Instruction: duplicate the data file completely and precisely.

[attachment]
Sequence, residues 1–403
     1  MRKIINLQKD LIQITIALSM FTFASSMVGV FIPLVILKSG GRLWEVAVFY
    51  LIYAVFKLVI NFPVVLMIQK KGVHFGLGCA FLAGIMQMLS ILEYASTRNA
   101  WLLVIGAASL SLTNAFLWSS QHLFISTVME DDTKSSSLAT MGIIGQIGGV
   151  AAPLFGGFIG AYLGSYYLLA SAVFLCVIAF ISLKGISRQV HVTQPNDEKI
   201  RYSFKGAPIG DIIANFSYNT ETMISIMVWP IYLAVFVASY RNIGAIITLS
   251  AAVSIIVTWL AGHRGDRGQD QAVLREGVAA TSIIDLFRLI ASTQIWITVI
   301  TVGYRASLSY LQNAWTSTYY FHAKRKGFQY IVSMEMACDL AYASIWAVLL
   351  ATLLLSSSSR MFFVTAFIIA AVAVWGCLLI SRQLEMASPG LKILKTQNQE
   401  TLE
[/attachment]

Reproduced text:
Sequence, residues 1–403
     1  MRKIINLQKD LIQITIALSM FTFASSMVGV FIPLVILKSG GRLWEVAVFY
    51  LIYAVFKLVI NFPVVLMIQK KGVHFGLGCA FLAGIMQMLS ILEYASTRNA
   101  WLLVIGAASL SLTNAFLWSS QHLFISTVME DDTKSSSLAT MGIIGQIGGV
   151  AAPLFGGFIG AYLGSYYLLA SAVFLCVIAF ISLKGISRQV HVTQPNDEKI
   201  RYSFKGAPIG DIIANFSYNT ETMISIMVWP IYLAVFVASY RNIGAIITLS
   251  AAVSIIVTWL AGHRGDRGQD QAVLREGVAA TSIIDLFRLI ASTQIWITVI
   301  TVGYRASLSY LQNAWTSTYY FHAKRKGFQY IVSMEMACDL AYASIWAVLL
   351  ATLLLSSSSR MFFVTAFIIA AVAVWGCLLI SRQLEMASPG LKILKTQNQE
   401  TLE